But I'm ignored by the clan, which is too busy exclaiming with pleasure over the food (and this is a tough crowd) to worry about me. My family's contentment increases with the main courses. (As did mine at my earlier meal: I have a particularly rosy memory of the beef bourguignonne made with tasty Niman Ranch beef that Peter ordered, exactly what I would have done that chilly night if my reviewing creed didn't require me to let my guest choose first. It was a perfect, satisfying, textbook bourguignonne, the stew's dark sauce enriched with lardons of bacon, mushrooms, and soft, sweet pearl onions, the whole served over wide noodles.)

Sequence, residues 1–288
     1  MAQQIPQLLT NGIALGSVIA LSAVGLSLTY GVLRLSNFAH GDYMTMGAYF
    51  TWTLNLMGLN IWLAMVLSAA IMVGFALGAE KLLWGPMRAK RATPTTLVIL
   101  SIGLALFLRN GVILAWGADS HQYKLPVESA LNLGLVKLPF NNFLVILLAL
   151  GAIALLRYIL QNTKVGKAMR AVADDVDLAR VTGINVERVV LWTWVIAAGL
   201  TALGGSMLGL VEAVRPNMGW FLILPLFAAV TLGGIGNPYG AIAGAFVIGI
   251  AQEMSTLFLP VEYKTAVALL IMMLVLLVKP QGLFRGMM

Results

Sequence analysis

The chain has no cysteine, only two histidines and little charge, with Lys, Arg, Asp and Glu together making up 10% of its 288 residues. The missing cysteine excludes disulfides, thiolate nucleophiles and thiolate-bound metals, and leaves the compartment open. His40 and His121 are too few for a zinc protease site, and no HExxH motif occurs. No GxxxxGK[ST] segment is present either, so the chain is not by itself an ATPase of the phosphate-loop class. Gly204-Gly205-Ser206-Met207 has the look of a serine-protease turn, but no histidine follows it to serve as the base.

My father's big, beautiful Niman Ranch rib-eye barely leaves room on the plate for a heap of crisp frites, a garnish of watercress, and a slick of chimichurri sauce (sharp garlic and parsley minced with olive oil). Michael inhales his wide, house-made pappardelle, topped with a rich duck sugo and more of the good Pecorino Romano featured here. Marilyn finds her local halibut a bit overcooked, but she enjoys its sides of graffiti cauliflower (an unusual sweet-tasting purple varietal), red creamer potatoes, and bright-green salsa verde (we amuse ourselves by discussing just what flags the varicolored plate reminds us of, deciding it could serve as the farmers' market flag -- red, green, white, and purple). My mother, who first thought she wanted the risotto until I pointed out that it was, in fact, fried risotto cakes (she was attracted by its spring-y ingredients: yellowfoot chanterelles and green garlic), has chosen the Sonoma rabbit Modenese, the carefully cooked (i.e., not dried out, an easy thing to do with such a lean meat), disjointed beast in a sauce of aged balsamic vinegar, tomatoes, and rosemary, with sturdy cabbage, on a heap of good polenta.